Jonah was an obnoxious character. He was delivered from the fish and saw a great revival, but still he missed the point. God could so easily have said, ‘That’s it! You’ve taken up too much of my time already.’ But he didn’t. God loved him enough to keep working on him. God really loves the unlovely and is committed to winning and transforming them.
When I look back over my own life, I’m amazed at God’s patience. I would have given up on myself ages ago. Maybe you feel the same way. Sometimes we think, ‘God, what on earth made me do that? How could I have been so unkind? How could I have said such an awful thing? It just slipped out and it must have hurt.’ Sometimes you’re shocked by yourself and realise how selfish you are. God has always known what’s underneath, but he isn’t deterred.
‘I love to see you succeed,’ says God. ‘I’m not glorified by unfruitful Christians. Pruning produces more fruit, and I’m looking for glory on a grand scale. But outward success isn’t the whole story. I want your success to be properly motivated.’
In his mercy, God refused to abandon Jonah as a hopeless case. As a master craftsman he kept chiselling away at him, using first one instrument, then another, to penetrate and shape his heart.
God appoints circumstances
While Jonah sat outside Nineveh, the sun climbed high in the sky. As the temperature rose, Jonah wondered how long he would have to wait in the sweltering heat before God judged the people. God looked down on him, took pity and ‘appointed a plant’ (Jonah 4:6, NASB). The vine grew over Jonah and sheltered him. Jonah was naturally very happy with this expression of God’s grace. He was, however, not so happy when God, in that same grace, appointed a worm to chew through the vine and sent a scorching east wind to increase Jonah’s discomfort.
In his grace, God appoints circumstances for us. Sometimes he says, ‘I’m giving you a plant to protect you and show you that I love you.’ And we say, ‘Thank you, Father. Now I know you love me.’ But sometimes God appoints a worm to remove the shade and a scorching east wind to blow down on us. It’s the same loving God at work but he’s working in a different way. His purpose is to transform us into the image of his Son, and he will appoint whatever is appropriate at the time to bring about that goal.
Have you encountered any scorching east winds recently? Maybe you’re in the business world and are getting some Chinese east wind. Their product is cheaper than yours. How are you going to survive? You could do with a plant, some protection – a tariff on imported goods, perhaps. But it doesn’t come. Or maybe it’s a Middle East wind, and oil prices are increasing so much that your business is in jeopardy. You long for protection but it’s not there. Life’s uncomfortable.
Sometimes the east wind just seems to come from nowhere. Suddenly we find that we’re facing hostility and opposition, and we cry out, ‘What’s happening to me? Lord, give me some shelter. Stop this east wind. I can’t stand it!’ But God replies, ‘No. In my love I’ve appointed the east wind for you. Receive it from me.’ But Jonah hated the wind and railed against it.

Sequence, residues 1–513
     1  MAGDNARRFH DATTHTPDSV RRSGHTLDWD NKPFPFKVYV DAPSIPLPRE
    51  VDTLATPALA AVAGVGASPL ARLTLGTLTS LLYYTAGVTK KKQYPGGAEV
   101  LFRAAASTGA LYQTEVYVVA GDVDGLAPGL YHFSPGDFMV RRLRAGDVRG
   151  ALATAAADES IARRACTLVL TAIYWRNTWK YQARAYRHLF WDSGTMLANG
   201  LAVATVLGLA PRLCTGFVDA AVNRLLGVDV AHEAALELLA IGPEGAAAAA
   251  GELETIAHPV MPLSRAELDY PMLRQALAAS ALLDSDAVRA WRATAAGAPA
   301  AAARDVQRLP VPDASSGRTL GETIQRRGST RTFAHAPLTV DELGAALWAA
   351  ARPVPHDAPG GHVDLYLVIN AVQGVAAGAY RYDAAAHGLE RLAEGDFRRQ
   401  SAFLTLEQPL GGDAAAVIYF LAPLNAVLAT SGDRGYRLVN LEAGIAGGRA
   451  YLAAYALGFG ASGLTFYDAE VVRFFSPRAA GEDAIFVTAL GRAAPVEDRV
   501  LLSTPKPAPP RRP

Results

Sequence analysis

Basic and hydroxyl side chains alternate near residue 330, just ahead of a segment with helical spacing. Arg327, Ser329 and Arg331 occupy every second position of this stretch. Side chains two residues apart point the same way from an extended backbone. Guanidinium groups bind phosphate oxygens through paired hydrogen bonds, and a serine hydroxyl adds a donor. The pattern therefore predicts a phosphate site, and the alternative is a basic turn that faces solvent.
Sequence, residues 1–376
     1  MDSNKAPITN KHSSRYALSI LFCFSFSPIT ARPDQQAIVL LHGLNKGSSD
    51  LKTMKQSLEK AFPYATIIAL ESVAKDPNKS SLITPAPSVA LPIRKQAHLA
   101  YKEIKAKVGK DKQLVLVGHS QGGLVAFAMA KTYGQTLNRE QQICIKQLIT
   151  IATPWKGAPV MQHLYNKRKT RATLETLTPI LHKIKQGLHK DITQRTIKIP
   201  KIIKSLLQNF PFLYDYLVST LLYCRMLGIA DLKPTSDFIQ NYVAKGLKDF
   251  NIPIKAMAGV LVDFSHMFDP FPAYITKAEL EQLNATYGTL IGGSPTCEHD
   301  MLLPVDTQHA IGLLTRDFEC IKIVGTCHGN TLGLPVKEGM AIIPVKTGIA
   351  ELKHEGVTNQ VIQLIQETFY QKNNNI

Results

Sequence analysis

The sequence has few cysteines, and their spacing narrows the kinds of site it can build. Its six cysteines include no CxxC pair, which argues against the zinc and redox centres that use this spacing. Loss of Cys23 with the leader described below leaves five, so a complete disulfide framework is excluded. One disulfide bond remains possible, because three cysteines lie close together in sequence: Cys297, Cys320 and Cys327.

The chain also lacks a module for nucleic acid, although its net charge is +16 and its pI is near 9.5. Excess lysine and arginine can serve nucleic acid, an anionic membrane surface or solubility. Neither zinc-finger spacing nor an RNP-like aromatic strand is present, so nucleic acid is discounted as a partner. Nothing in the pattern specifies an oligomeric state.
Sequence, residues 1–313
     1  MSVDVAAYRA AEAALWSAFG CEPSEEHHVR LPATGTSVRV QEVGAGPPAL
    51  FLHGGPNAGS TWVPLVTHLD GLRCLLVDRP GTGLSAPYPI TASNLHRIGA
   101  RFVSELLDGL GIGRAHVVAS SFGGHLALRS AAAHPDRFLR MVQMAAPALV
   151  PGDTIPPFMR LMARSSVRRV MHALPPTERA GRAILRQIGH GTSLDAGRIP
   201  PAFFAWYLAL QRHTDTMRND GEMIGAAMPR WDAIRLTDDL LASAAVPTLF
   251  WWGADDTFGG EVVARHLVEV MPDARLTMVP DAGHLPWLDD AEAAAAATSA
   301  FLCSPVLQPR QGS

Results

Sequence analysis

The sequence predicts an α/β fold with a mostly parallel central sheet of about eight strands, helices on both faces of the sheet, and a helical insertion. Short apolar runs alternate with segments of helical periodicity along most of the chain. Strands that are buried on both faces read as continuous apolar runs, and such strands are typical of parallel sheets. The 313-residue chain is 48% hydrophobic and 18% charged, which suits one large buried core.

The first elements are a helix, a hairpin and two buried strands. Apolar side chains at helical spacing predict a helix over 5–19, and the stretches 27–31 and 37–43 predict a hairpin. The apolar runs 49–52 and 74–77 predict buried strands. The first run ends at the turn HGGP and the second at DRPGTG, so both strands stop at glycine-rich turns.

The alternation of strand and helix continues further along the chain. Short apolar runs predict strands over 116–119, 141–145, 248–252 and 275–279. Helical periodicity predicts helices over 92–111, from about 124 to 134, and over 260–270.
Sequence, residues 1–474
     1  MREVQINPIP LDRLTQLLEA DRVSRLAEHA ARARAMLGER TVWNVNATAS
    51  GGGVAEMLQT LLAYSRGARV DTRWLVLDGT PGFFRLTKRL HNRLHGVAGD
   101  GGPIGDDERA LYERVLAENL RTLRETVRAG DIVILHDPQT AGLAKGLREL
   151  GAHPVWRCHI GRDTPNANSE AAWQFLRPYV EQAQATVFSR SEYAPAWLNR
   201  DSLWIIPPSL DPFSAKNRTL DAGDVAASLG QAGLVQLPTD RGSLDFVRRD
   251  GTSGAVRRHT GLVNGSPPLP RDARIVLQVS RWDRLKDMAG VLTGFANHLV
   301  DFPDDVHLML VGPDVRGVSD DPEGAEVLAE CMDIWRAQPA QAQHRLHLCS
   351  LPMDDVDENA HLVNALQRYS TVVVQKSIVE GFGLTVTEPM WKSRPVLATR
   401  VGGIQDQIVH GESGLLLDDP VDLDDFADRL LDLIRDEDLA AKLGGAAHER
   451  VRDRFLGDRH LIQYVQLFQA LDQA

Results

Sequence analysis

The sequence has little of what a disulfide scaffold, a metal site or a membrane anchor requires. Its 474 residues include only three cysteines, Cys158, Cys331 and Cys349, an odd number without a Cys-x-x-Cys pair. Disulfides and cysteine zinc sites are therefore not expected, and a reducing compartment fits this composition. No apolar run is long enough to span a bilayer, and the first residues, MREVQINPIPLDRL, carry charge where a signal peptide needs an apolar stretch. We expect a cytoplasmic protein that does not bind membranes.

The apostle Paul’s attitude to his ‘east wind’ was totally different. What was his east wind? It was a ‘thorn in my flesh, a messenger of Satan, to torment me’ (2 Cor. 12:7). What was this thorn? Verse ten seems to imply weaknesses, insults, hardships and persecutions. God removed his protecting hand and allowed Satan to prevent Paul from becoming proud of his revelations. Three times Paul pleaded with God to remove it, but God replied, ‘My grace is sufficient for you, for my power is made perfect in weakness.’ The apostle joyfully accepted this because he continued, ‘I will boast all the more gladly about my weaknesses, so that Christ’s power may rest on me’ (2 Cor. 12:9). He allowed the east wind to shape his character and bring glory to God.
Since God appoints circumstances to change your character, don’t fight everything that comes your way. By all means ask God to intervene, but if he doesn’t, learn the lesson intended. Let him use the scorching heat to form the image of his Son in you – and rejoice as you go through it.
‘None of our trials come upon us by chance! They are all appointed in weight and measure – are all designed to fulfill a certain end. And however painful they may at present be, yet they are intended for your good. When the trial comes upon you, what a help it would be for you if you could view it thus, “This trial is sent for my good. It does not spring out of the dust. The Lord Himself is the supreme disposer of it. It is very painful to bear; but let me believe that he has appointed me this peculiar trial, along with every other circumstance. He will bring about his own will therein, and either remove the trial, or give me patience under it, and submission to it.”’
J. C. Philpot, The Subjection of All Things Under the Feet of Jesus